Pitching Lab Prevents Dangerous Mechanics
Wake Forest University baseball is collaborating with Wake Forest Baptist Health on a state-of-the-art pitching lab to help prevent injuries and identify potentially dangerous throwing mechanics.
Wake Forest University athletics has teamed up with Wake Forest Baptist Health to analyze baseball pitching mechanics in a new $12 million facility, which houses a state-of-the-art biomechanics lab. The Wake Forest Baptist sports medicine team will work with Wake Forest student-athletes on a daily basis, helping to identify potentially dangerous pitching mechanics and prevent injury. This partnership is the first of its kind in college baseball.
“This is truly a groundbreaking partnership in college athletics,” Wake Forest Head Baseball Coach Tom Walter told WFMYNews2.com. “First and foremost, this ensures that the development and health of the Wake Forest pitching staff will be second to none in professional and amateur baseball. Equally important, however, is the opportunity to improve the game of baseball as a whole and put Winston-Salem at the epicenter of cutting-edge pitching analytics.”
Two members of Wake Forest Baptist Health will work directly with the athletes. Brian Waterman, MD, is the Team Physician and an Associate Professor of Orthopedic Surgery at Wake Forest Baptist, who specializes in shoulder and elbow care and works with the players on injury prevention and recovery. Kristen Nicholson, PhD, Director of the biomechanics lab and an Assistant Professor of Orthopedic Surgery at Wake Forest Baptist Health, specializes in scapular orientation.
“I have had the opportunity to work closely with many elite professional and collegiate athletes during my career as an orthopedic surgeon, but to be involved with such a world-class facility is really special,” Dr. Waterman said. “Helping athletes prevent injuries is a major focus of our sports medicine team, and we are thrilled to be able to bring the expertise and research capabilities of Wake Forest Baptist’s academic medical center directly to the players who will use this facility.”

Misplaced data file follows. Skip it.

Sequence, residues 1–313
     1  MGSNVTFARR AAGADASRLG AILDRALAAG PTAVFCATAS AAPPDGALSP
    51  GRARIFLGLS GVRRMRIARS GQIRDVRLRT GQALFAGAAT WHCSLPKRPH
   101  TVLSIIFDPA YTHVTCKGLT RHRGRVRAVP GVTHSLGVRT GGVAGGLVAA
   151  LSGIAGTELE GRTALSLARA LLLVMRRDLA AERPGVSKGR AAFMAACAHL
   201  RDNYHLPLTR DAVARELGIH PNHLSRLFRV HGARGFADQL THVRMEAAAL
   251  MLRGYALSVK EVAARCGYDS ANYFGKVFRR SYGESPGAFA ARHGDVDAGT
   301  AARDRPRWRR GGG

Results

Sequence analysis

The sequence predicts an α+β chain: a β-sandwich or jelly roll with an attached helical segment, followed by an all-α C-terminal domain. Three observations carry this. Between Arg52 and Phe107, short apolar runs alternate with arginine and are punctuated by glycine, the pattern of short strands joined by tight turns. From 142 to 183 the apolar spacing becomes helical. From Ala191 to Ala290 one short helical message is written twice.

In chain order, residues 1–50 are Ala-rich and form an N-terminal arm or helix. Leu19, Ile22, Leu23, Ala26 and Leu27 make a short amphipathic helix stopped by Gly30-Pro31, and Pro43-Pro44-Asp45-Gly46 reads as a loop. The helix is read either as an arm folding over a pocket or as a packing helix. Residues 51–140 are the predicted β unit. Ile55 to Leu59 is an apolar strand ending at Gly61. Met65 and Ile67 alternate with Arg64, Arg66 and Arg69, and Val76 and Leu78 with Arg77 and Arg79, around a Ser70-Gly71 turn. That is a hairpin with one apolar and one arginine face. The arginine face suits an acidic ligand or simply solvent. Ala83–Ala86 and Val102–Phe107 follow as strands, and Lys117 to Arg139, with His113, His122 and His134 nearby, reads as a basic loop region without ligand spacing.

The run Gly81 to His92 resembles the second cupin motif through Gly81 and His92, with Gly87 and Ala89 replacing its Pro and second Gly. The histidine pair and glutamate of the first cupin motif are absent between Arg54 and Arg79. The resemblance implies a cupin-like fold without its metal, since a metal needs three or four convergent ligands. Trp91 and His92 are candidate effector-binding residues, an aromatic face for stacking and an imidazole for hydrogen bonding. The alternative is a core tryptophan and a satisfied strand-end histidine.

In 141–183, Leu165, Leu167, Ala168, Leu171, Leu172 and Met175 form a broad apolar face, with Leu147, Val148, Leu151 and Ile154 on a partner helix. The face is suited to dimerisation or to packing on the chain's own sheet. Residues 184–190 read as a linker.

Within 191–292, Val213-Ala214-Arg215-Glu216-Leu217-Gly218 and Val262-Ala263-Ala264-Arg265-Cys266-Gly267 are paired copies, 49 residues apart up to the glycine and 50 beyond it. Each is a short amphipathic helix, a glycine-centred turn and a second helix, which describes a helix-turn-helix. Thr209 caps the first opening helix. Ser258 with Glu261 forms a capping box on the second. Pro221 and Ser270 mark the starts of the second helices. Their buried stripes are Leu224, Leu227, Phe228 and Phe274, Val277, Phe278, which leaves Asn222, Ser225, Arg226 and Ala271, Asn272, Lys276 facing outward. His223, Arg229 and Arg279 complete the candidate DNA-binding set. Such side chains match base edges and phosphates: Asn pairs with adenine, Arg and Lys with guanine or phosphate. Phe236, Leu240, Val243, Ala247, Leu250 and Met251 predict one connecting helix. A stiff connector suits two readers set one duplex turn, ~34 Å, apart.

Dr. Waterman and Dr. Nicholson will be working closely with three staff members from Wake Forest’s baseball program: Pitching Coach John Hendricks; Assistant Athletic Trainer Jeff Strahm, ATC; and Assistant Director for Sports Performance Mark Seaver, CSCS, SCCC. Strahm has been Wake Forest baseball’s athletic trainer for more than 20 years, specializing in pre- and post-throw arm care. Seaver, a former Wake Forest pitcher who spent six seasons in the minor leagues, has been the team’s strength coach for more than a decade, specializing in mobility and stability. They will all work together to generate personalized pitching plans for Wake Forest’s pitchers, in order to optimize performance and health.
“What makes this lab special is not just the equipment or the building, it’s the collaboration between five extremely talented, intelligent and passionate experts in their respective fields.” said Walter.
Though this is a historic partnership at the college level, it will also benefit younger baseball players. The lab will be expanded to analyze athletes from various youth baseball organizations, and the additional biomechanical throwing data from these youth athletes combined with the data from college athletes will be used to identify the root causes of the arm injuries plaguing baseball. The long-term goal is to prevent many of these injuries from occurring in the first place.
“This is bigger than just Wake Forest,” Walter said. “Arm injuries have baffled the baseball world for decades. We’re excited about the opportunity to learn more about why these occur and use that information to help the next generation of baseball players.”
The facility that will house this collaboration is The Chris Hurd Player Development Center, which includes a new dugout and bullpen, locker room, equipment room, athletic training room, team lounge, and nutrition area, in addition to the pitching lab. There is also a team meeting room, dedicated video room, coaches’ offices, a biomechanist’s office, a conference room, game day suites, and a baseball heritage area.
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